Lagerhuset houses Gothenburg House of Literature, an infrastructure for some 60 membership organizations’ literary activities, and Nätverkstan, which supports and develops municipal and regional cultural life via its open media workshop, resource centre for cultural journals, accounting services, education and training. It also houses publishers, journals’ editorial offices, journalists and translators. Projects focusing on the industry’s development and digital transition are also coordinated here.
Gothenburg Book Fair is an international infrastructure for the publishing industry. Its programme is designed jointly with the Swedish Arts Council to help advance literature and the publishing industry. There is a host of platforms/meeting places for professionals working in cultural and creative industries, authors’ agencies and manuscript production.
Vital venue for Poetry and Spoken word
In Gothenburg, as well as in nearby cities in the region, several festivals have emerged, each with its own specific characteristics. The oldest are the Göteborgs Poesifestival, Poesifestivalen Merci Poesi, and Politisk Poesifestival. Also Textival, a festival not limited only to poetry being at the beginning an alternative book fair, continues to evolve.
Poetry has been present in different places in the city over the years. At Gothenburg Book Fair there is a Rum för poesi, a dedicated area for poetry appearances under three days in a row. Gothenburg has a wide range of venues where the art of words is flourishing, from amateur theater groups and institutions to venues for literature reading and discussions on stage. At Gothenburg´s City Theater, Sweden´s oldest City Theater, drama plays are always a part of the repertoire.
The Spoken word-scene is and has always been an important starting-point for many well-established authors and poets in Gothenburg. The venue marked 20 years of existence in 2017 during the Swedish championship in Poetry Slam, arranged by Göteborgs Poetry Slam. Poets from Gothenburg have often won, individually and at the team-contest. Eight contests, three finals and two open venues take place during the season. In addition, organises Göteborgs Poetry Slam Spoken word-evenings at Folkteater, a major theater in Gothenburg. Ortens Bästa Poet, an initiative by the association Förenade förorter, has been promoting poetry all over the city during the last few years. The association Poesiwerken organises six times per year Klubb LäsBar, an open mic for text-based art, Poesi I Parken, a summertime-event as well as other festivals and release-events. Sweden´s first record-label for Spoken word, Verbal Alfa, is also based in Gothenburg.
Many associations and expansive businesses
Gothenburg is a creative city with many committed literary associations and a large number of cultural associations. The extensive mapping work, that has been conducted prior to Gothenburg's application to become a UNESCO City of Literature, lists more than 30 local associations with literary activities. The associations organize many literary activities. Gothenburg House of Literature is important in coordinating collaborations and as a central meeting place for civil-society actors.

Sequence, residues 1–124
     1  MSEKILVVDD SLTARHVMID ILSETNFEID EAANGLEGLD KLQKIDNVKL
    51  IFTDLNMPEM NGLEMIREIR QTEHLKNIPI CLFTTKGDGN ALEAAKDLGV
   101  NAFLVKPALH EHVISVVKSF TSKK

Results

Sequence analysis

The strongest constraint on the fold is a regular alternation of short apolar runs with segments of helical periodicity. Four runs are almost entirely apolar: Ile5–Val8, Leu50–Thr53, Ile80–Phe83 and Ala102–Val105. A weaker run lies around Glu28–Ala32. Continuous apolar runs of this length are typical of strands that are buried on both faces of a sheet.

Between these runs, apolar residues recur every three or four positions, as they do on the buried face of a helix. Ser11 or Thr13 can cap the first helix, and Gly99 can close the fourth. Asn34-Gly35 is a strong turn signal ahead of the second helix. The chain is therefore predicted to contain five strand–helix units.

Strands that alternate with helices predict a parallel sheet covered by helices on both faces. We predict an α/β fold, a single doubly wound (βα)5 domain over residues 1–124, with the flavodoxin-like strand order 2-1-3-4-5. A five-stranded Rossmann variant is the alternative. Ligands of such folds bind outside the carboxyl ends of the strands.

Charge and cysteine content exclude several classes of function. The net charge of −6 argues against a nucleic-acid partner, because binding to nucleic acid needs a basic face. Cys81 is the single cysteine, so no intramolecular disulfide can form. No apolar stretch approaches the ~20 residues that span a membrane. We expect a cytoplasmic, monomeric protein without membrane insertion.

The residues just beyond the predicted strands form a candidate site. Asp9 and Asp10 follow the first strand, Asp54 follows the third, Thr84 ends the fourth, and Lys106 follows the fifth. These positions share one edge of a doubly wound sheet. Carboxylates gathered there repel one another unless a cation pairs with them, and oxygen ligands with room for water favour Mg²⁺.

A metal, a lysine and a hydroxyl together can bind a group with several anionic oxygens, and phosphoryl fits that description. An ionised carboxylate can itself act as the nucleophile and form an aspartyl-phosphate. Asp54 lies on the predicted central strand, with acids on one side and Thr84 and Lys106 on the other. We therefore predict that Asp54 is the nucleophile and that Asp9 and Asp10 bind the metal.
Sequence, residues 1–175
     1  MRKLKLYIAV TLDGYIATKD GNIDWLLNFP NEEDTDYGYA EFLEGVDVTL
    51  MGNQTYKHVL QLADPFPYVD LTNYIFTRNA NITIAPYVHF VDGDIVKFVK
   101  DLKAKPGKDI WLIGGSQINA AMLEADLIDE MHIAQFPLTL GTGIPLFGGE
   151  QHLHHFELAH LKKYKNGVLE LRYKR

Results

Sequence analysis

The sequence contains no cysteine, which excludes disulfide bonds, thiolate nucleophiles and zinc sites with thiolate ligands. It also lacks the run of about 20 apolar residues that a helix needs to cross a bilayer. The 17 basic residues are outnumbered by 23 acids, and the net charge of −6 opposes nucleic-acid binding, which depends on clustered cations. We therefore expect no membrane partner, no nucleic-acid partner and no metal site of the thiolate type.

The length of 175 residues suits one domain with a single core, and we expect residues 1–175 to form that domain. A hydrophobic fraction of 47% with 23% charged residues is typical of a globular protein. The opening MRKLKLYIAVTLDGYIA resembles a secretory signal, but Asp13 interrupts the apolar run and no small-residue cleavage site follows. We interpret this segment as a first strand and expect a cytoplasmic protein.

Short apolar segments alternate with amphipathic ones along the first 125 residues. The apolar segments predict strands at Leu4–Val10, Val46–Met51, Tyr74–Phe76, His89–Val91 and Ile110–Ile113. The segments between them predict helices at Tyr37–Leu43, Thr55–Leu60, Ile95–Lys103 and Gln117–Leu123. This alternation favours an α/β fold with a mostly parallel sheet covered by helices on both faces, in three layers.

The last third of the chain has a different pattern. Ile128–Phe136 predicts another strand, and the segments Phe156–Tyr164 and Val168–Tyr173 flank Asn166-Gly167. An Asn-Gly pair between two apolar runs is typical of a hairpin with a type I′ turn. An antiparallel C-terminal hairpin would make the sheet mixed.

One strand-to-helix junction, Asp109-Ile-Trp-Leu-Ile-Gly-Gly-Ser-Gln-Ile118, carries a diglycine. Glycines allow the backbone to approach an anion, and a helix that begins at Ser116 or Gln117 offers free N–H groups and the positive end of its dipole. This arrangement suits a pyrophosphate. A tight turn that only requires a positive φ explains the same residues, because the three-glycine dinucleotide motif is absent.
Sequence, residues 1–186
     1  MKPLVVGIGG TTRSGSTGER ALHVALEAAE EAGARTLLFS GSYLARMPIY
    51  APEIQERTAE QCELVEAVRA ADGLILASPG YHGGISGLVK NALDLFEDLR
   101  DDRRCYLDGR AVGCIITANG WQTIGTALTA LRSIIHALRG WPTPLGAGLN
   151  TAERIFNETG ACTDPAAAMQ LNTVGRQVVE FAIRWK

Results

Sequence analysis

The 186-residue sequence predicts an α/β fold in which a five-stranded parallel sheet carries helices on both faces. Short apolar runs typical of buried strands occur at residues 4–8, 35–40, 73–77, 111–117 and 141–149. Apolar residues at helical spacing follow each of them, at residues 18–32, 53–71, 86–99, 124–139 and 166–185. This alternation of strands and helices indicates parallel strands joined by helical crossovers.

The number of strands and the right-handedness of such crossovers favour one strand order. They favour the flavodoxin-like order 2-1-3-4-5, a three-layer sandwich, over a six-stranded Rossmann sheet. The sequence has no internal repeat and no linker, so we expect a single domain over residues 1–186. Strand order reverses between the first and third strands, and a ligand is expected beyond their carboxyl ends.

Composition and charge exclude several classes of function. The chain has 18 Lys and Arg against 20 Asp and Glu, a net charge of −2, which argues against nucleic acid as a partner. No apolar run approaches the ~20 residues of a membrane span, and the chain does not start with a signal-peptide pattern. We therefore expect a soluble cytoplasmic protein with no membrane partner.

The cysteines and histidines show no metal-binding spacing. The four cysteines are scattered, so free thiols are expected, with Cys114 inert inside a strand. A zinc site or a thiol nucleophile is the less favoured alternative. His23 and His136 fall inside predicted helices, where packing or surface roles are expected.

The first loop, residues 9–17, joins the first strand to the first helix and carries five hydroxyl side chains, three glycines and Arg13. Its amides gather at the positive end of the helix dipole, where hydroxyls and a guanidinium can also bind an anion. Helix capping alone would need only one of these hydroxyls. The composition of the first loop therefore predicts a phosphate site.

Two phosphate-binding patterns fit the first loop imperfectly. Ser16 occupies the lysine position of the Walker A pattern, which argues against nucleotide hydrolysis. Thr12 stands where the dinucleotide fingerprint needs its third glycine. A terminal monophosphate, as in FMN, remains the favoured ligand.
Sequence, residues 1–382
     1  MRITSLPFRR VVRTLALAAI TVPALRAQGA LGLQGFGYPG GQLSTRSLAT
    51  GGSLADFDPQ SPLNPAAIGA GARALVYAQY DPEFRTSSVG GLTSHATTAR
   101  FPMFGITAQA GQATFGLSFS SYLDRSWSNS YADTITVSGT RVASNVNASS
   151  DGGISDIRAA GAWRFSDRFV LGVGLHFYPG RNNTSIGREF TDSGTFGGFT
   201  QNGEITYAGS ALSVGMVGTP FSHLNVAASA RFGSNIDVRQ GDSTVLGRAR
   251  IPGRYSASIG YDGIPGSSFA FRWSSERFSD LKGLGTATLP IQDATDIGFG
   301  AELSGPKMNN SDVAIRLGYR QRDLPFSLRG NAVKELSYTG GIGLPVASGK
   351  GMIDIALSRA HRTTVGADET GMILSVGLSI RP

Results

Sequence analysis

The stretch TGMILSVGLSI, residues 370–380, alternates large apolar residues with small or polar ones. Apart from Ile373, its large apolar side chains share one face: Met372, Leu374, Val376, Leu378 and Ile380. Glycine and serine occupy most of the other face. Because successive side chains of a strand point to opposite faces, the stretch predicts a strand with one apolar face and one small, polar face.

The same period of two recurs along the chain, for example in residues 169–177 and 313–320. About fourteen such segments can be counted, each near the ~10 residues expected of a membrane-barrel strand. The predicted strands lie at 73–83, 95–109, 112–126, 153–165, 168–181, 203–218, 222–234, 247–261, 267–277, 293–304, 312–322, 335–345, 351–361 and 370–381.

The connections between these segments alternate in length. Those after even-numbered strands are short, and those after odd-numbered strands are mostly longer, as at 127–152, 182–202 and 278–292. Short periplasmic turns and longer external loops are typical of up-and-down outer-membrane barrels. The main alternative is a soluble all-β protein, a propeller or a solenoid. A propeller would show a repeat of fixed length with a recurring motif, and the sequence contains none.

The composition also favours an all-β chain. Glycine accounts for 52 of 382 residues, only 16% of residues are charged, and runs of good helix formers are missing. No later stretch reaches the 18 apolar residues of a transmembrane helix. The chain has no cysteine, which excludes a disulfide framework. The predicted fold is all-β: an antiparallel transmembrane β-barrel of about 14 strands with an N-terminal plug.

Gothenburg’s cultural and creative industries employ over 6,300 people and the literature sector has seen steady growth in recent years. Gothenburg leads Sweden in producing and distributing cultural journals. Sweden’s literary industry is characterized by increased export revenue, and the combined value of literature exports has tripled at the national level over the past ten years. With their approximately 20,500 companies and 35,590 employees, including 6,900 within the literary industry and publishing, cultural and creative industries are a prioritized focus area for economic development at the regional level.
The whole city mobilizes as The City Where We Read to Our Children
The City Where We Read to Our Children is a community-wide effort in Gothenburg that began in 2015. The purpose of the effort is to promote the development of language and reading in children early on in life, and it is a part of the City of Gothenburg’s work in creating a more equal city. The work involves raising awareness and increasing the knowledge of the importance of reading aloud. The goal is to increase children’s vocabulary, their love of reading, and their reading skills.Research shows that reading daily affects children's verbal abilities, their school readiness and their performance in school. Children who are read to early on in life therefore have a more solid foundation to stand on compared to children who are not read to. Taking action early on in a child’s life will have a profound effect both for the child here and now, but also for the entire society. All efforts that promote early speech development in children are investments. Both for the individual child and for society as a whole.
Report 2020 — Being a writer in the West
In September 2020, the Literature Association Skrift presented the report "Being a writer in the West - Gothenburg as a literary field" on what it is like to be active as a writer in Gothenburg and the surrounding area. One of the reasons for the survey is Gothenburg's application to become a UNESCO City of Literature. The survey has been carried out as an independent initiative by the association to create knowledge in the matter independently of the application.
- Read the report (only in Swedish)